Forum Replies Created
March 2, 2014 at 2:02 pm in reply to: Who really listens to the vet about food?… #34683 Report Abuse
@ Mom2cavs, good to hear you have a better vet and a good regimen going. Wow, SO for life after ONE UTI? That’s ridiculous. We have an acupuncturist at our clinic and many of our clients swear by it. It does wonders!
@ weezerweeks, what do you use do prevent ticks? I’ve just seen a lot of dogs come in with tick-borne illnesses having to go through expensive treatment, and my mom’s dog got lyme disease AND rocky mountain spotted fever that way. Tick-borne diseases scare the $%&* out of me. I live in a huge apt. in a pretty urban area, but found out while picking honeysuckles behind our parking lot that they are COVERED in ticks. So scary! Huge lot of tarmac, road behind, and in between a skinny strip of trees and brush where I swear half the ticks in the area live.March 2, 2014 at 1:36 pm in reply to: Slowing eating #34681 Report Abuse
@ aquariangt those bowls you linked to are so cute! Akari, how often are you feeding your dog? 3/4 cup for an 8 lb. dog sounds like a lot at one sitting. Smaller more frequent meals might keep him feeling fuller throughout the day and not as ravenous about eating, possibly?March 2, 2014 at 2:28 am in reply to: Microchipping #34655 Report Abuse
As someone who works in a vet clinic I strongly recommend getting your dog or cat microchipped. In less than a year we have had a least 6 dogs brought in with no ID but a microchip and got them reunited, including one who had been missing for about a week and was about an hour drive away from home. I have had plenty of calls of people reporting their dog missing with no tags on but a microchip, only to call in a few hours later that someone had found the dog or cat and taken it somewhere where it was scanned and they were able to get their pet back home. I just had one of those calls
I can only imagine how many pets are reunited at the shelter.
Yes the needle is not tiny, but plenty of pets get on just fine having it done. Some pets will yowl in fear/pain at anything you do. Having it done during a routine surgery such as a spay or neuter is a good idea if you’re concerned about the pain.
While it seems a legitimate concern not to microchip your laboratory rat, even the staunchest opponents list single digits of cases of dogs and cats who had a chip in or near their sarcoma as their “evidence”, some of which are cancer prone breeds, out of the millions of pets who are microchipped each year. While heartbreaking for their owners, this less than one in a million, doctors acknowledge that the presence of a foreign body may have triggered the cancer but that does not show causation that the microchip would be of special concern over another type of foreign body. Two of the cases listed aren’t even cancer related, but due to human error in injecting the microchip improperly. More pets have developed sarcomas from vaccines.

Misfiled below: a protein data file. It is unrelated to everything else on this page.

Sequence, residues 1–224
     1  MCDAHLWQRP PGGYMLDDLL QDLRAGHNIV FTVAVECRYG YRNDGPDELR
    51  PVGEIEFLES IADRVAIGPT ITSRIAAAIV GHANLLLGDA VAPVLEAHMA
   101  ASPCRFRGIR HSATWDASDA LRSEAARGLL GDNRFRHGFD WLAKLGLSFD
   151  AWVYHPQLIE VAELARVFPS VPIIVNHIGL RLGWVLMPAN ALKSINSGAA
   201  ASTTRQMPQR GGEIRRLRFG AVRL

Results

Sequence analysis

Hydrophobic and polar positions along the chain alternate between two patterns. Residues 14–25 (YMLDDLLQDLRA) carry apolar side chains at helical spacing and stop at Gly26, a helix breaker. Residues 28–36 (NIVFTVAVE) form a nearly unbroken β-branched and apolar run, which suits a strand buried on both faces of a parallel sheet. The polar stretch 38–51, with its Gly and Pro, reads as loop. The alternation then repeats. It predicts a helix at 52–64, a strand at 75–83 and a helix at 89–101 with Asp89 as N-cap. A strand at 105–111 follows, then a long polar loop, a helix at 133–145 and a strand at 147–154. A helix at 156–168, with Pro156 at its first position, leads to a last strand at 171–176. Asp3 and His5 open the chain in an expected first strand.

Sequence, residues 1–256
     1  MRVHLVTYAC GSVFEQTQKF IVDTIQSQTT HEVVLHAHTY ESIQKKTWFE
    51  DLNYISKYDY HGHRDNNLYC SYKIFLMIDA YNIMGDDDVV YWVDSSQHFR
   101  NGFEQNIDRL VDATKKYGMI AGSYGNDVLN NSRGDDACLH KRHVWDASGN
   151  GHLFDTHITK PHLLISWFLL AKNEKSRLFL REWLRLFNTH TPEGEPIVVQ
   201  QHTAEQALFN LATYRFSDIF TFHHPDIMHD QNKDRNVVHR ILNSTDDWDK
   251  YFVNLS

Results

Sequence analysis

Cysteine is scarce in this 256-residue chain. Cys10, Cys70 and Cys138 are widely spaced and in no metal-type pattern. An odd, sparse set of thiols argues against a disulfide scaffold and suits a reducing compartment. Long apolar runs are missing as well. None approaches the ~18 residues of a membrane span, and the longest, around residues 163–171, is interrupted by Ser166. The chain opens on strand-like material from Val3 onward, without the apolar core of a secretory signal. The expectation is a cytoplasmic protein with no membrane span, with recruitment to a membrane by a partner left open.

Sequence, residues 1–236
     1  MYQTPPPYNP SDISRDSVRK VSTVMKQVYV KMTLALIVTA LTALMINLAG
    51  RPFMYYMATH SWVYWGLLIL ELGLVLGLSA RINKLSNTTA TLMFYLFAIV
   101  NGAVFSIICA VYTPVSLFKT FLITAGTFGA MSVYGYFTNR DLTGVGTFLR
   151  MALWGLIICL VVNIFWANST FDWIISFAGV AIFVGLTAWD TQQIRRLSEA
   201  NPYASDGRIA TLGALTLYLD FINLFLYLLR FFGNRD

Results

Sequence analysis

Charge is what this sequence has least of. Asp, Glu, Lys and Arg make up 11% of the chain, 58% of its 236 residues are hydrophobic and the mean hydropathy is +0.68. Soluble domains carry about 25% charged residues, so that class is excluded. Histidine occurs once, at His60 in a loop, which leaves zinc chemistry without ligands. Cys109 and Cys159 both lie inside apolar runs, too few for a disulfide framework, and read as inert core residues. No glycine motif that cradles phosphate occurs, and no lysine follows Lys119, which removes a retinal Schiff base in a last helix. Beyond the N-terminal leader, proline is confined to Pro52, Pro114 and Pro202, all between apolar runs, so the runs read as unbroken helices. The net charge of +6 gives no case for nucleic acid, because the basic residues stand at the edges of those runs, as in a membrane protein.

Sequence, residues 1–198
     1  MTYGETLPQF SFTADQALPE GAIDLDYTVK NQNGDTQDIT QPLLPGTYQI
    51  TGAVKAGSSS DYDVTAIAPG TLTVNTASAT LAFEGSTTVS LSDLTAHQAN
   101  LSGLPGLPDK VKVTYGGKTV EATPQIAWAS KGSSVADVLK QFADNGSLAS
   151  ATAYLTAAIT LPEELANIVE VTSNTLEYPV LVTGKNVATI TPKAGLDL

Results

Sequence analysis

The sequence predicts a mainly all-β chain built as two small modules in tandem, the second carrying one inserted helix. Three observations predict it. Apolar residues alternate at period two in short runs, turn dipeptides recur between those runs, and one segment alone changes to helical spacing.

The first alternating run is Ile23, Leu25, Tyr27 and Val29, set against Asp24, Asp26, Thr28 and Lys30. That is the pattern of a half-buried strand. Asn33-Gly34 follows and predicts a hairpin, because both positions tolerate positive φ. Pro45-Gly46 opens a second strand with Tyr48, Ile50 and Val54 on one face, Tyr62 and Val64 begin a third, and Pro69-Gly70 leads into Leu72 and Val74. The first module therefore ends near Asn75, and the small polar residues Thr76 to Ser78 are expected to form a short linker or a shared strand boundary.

Not knowing who has what scanner, or an owner’s failure to to update the registration is not a reason not to do it, it’s a reason to have better scanners and for owners, veterinary practices and shelters to be more vigilant in keeping records up to date.
Nobody realizes their dog or cat could escape from where they escaped from until it does. I didn’t know my dog could run down a cliff that was at least a 50 degree angle until he was 150 feet down it; owners don’t know their dog can scale an 8 foot fence until it already has; or that their indoor cat would bolt past them that one time after years of showing no interest in that door. And trying to grab a breakaway collar to catch them means it should, well, break away! How is that a fail-safe way to keep an ID on a dog exactly?
Microchipping is not a “false” sense of security, and for every dog with a chip that couldn’t be read, there are hundreds if not thousands who never get back home because their owners didn’t microchip their pets in the first place.March 1, 2014 at 11:22 pm in reply to: Who really listens to the vet about food?… #34652 Report Abuse
I work in a veterinary clinic (not a vet) and I’ll be honest, I don’t know what makes Hills, or any other prescription food for that matter, any better or worse than a quality food from a regular store. I have seen many patients have success with Hills, but I don’t know why. For that matter, I don’t think the vets in our practice could tell you why. And that is the best question to either get the right answers or really humble them. Simply ask what ingredients in either the food they’re recommending or any food from any source will do to improve the condition and why, and ask to see a bag or can and have them go over it with you. If they don’t know and they’re good vets (because they really don’t get enough training in nutrition), they will want to know for themselves and say they want to look into it more and consult back with you. If they insist you stay on a certain diet and only that diet for the rest of their lives, find a new doctor. We carry several brands of prescription food and I know a lot of their recommendations come from seeing great results in their other patients, but they don’t say “must use Hills”… Their wealth of knowledge is valuable, because they see so many different animals with the same issues as yours and have seen the results of their treatments, but a good vet is willing to admit when they need to look into it further and do that. (And ours do!)